“We can proceed from the assumption that Judaism and Islam, while certainly differing in a number of fundamental perspectives and priorities — are, as religious communities, not in conflict.” In the main part, Christians, Jews, and Muslims and others are not naturally in conflict. There’s no cause but what may be amplified — or provoked! – in content of imagination and mind. However, legal, social, and political histories evolving after Hillel the Elder, a jurist who may have laid the foundation for a universalized access to Judaism, belie the assumption. Denial is sweet, but like sugar poured on a wound, may add to injury, and all have been injured on the monotheist merry-go-round that follows from Hillel’s outlook and the adaptation of Judaism to restive populations.
The Jews, not to separate myself too much, are a deeply rooted ethnolinguistic people, indigenous and inherent or joined, brought together beneath the umbrella of a common outlook about humanity. That it works may be born out by what has followed, and now we’re here and perhaps again — all sharing a common basis in faith: God — restive.
I don’t wish to drown in theology — it’s too soon — but may suggest being careful about assumptions that have deeply illiberal — enslaving — political consequences. What is here today is “back there” already. Looking forward may be part of a good assembling.
The source for the bounce:
A conciliatory stance may diminish the want of conflict and contribute to a character in conversation that eventually enables a clarified and frank reappraisal of ideas, instructions, and principles bound in with legacies in faith. That conversation must and will be had, but whether today is its day is another matter.
And then on, I droned —
Setting aside the problems posed by inherently despotic leaders — they have their hidden stories and the concept of “malignant narcissism” may cover their intellectual disposition and layout — the psychologies of followers and readers differ also. Those are large areas for discussion, but Facebook threads challenge us to distill and compress as much as possible . . . .
Hillel’s statement to a man ambivalent about conversion sets out a standard perhaps implicit either in the Torah or the study of it: “That which is distasteful to thee, do not do to another. That is the whole of Torah. All of the rest is commentary. Now go and study.”
Would that would be all there was to it.
Similarly, when Muhammad says, “One scholar is more powerful against the devil than one thousand worshipers,” he too invokes a universal observation, value, and yearning where language and its treasures have flourished.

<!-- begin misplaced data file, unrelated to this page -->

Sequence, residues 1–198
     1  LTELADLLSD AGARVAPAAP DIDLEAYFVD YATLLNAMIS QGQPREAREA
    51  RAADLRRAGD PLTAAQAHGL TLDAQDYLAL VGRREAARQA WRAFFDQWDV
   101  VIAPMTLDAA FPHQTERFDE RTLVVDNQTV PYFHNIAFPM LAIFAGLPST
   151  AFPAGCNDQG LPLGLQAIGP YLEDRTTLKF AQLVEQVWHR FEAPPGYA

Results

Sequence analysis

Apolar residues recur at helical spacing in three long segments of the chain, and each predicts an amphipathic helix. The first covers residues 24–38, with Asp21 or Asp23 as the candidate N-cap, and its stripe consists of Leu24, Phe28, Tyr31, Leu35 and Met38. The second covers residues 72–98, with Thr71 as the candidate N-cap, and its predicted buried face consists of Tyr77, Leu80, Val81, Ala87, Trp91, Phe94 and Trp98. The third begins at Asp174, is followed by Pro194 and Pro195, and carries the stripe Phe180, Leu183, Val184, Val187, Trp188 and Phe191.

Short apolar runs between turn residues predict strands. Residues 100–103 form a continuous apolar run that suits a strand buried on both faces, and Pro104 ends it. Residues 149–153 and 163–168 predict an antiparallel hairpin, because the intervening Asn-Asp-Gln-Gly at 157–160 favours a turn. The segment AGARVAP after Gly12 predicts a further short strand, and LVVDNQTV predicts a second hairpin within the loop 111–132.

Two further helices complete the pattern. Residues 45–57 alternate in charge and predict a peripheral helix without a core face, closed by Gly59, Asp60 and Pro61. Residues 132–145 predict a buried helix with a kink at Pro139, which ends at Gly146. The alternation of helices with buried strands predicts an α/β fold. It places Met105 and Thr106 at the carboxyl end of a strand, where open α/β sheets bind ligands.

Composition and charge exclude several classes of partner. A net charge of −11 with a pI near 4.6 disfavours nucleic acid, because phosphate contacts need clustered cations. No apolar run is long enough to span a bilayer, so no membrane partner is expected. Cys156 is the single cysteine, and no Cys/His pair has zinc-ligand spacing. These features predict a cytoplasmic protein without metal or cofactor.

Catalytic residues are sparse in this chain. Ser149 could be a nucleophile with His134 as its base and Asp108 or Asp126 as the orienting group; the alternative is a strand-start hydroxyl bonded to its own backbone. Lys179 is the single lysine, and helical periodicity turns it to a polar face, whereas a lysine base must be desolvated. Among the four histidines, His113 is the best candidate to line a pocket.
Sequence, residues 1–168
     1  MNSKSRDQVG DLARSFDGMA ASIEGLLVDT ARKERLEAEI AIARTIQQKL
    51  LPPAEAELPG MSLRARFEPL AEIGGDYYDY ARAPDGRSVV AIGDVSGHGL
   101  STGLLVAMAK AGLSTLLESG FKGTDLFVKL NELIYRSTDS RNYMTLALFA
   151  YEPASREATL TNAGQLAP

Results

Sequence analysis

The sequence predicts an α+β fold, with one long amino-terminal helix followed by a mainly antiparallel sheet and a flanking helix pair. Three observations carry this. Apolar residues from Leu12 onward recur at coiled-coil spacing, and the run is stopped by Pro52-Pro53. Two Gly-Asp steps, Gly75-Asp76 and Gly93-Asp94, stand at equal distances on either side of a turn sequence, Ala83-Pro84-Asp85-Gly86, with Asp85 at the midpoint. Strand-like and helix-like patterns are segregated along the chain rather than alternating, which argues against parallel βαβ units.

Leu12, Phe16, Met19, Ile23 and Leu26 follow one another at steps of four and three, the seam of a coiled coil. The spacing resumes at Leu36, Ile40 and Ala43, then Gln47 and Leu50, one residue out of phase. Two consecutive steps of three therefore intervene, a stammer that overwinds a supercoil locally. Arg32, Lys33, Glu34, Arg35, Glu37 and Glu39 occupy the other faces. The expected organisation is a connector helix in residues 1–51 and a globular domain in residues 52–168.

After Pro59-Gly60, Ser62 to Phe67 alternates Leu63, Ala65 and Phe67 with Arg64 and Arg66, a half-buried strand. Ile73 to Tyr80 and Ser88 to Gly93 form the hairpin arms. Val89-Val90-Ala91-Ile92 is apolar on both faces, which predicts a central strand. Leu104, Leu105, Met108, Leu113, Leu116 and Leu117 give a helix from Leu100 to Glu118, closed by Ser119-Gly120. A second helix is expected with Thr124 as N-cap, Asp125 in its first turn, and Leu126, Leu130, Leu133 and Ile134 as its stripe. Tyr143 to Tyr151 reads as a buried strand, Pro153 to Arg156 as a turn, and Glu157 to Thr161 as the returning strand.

We’re all fine with that, or should be.
What happens next becomes history where differences become loud.
In the Jewish way, none of the prophets are close to God or treated as if gods. Moses is shy; he’s dependent on Aaron for advice; and when the waters are parted, it’s not Moses who does it. It’s God. When God sets out to “prove” (test) Abraham, we’re not told whether the test is of obedience or conscience, and we are left to note and argue an awful lot of evidence and subsequent story whether or not Abraham “passes” or “fails” this particular — and many of us believe dumb galunk that would sacrificed his own son without asking God a few questions fails by miles. And so it goes with differences in apprehension, conversational style, and the informing of conscience through language.
On the other side of Jewish liberalism and western “classical liberalism” . . . we miss a lot, which for me starts with the language traditions behind “7,000 living languages” (approximate current estimate) and adding in the ecological and social exigencies of living in large numbers elsewhere on the planet. “Illiberal assumptions” may account for social organization and political peace where imposed even if we don’t much like (and shouldn’t).
Talk and time may work miracles, and as we have that time now, let’s together — Christian, Jewish, and Muslim — set aside complaints and foibles and have a good look around as well as into (my fave) “conflict, culture, language, and psychology” — and see if we cannot produce a better world than that in which we find ourselves.
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